New World Gaming: MineCraft, the Insanely Popular Indie Sandbox World Game, Echoes Philip Rosedale's Original Vision of Second Life
MineCraft, an indie game from Markus Persson, recently became a runaway cult hit, even though it's still in Alpha. It remarkably and eerily echoes Philip Rosedale's original vision of Second Life, a decade ago: A sandbox world with flora and fauna, which you can explore and remake, converting natural resources into tools and items. For my book, here's what Philip told me about his initial idea of Second Life, which he wanted to be a simulation of the natural world:
"[Y]ou would wander around it as an avatar, and you'd come across animals -- maybe they'd try to eat you or something -- that no one had ever seen."
In MineCraft, there's sheep and cows and other identifiable animals, which you can convert into meat after punching them enough times (oh yes), and scary monsters that hit back. Especially the zombies, which come out at night. Because you see, you're not just crafting the world for the fun of it, you want to build a fort to keep yourself safe from the fricking zombies.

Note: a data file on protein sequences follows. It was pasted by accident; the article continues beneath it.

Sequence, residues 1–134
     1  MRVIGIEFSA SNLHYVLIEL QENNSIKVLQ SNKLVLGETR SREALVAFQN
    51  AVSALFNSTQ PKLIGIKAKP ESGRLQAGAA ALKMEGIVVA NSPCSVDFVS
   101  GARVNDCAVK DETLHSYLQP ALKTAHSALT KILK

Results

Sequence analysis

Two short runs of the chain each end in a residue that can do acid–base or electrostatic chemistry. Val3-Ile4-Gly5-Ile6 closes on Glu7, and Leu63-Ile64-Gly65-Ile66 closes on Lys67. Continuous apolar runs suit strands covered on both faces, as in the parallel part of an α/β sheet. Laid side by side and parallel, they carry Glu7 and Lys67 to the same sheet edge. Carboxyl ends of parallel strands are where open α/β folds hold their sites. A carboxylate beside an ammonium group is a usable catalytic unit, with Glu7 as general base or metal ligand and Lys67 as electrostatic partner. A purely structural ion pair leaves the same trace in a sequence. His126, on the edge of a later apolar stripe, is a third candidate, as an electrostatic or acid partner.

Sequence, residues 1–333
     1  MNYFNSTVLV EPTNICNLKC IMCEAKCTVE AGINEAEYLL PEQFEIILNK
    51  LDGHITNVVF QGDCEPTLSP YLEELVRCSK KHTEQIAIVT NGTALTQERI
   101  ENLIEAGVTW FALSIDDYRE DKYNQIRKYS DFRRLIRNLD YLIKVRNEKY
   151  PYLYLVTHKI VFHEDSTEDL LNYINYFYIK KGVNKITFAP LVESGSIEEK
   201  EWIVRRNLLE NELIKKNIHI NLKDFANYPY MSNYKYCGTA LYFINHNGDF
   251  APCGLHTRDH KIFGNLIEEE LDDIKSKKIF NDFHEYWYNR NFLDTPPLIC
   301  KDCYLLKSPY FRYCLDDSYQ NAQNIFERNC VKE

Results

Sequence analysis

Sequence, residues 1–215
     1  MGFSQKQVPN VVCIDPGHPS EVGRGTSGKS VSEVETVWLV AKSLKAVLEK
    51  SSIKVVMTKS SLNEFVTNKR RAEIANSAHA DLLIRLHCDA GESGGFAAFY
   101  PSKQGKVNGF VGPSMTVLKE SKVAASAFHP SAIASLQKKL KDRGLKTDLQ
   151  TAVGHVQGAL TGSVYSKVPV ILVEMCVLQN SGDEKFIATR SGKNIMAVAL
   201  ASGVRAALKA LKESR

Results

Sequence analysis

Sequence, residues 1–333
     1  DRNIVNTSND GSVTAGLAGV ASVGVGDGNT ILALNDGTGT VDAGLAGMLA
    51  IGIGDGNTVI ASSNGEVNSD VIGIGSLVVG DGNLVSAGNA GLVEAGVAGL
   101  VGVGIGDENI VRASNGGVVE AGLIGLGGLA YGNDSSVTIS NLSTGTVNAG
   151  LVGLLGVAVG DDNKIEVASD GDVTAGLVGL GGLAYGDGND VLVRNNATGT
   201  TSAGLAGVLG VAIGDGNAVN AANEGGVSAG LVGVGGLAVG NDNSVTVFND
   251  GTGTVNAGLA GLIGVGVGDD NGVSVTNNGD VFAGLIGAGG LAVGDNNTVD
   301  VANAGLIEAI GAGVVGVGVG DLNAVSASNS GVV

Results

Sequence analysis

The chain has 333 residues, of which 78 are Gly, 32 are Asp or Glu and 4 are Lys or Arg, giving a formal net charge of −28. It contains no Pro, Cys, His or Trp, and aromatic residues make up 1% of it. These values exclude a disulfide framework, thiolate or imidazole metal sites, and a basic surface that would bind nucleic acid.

Second Life/real life rockstar Keiko Takamura recently became a MineCraft fan: "MineCraft was a reluctant experiment on my part," she tells me, "because I was watching my husband play it, and I saw that he was building his own little stone fortress. I knew that if I got into this game, I wouldn't stop until I made a zombie-proof fortress, too. And prettier than his."
And you can make it pretty indeed. Via Rock Paper Shotgun, here's a level of MineCraft that some clever dude transformed to resemble Rapture, from BioShock:
(Hmm, Keiko has a great BioShock tribute song, wonder if she'll do one for MineCraft.)
There's an online version of MineCraft which enables you to upload your own levels and share them with others. At the moment, however, the game has become so popular, those servers have been taken down. Follow the creator's Twitter feed for updates, and read more on the Shotgun blog, which is covering the game like crazy. And if you haven't seen it, here's a must-watch video of Linden World, the 2001 progenitor of Second Life:
Shortly after this demo, the early Linden Lab developers and investors realized that dynamic, collaborative creation was the most unique thing about the world they were building, and moved their focus to human avatars, and the social experience. But for those of who sorta like the idea of creating a new world with hand grenades, MineCraft is for you.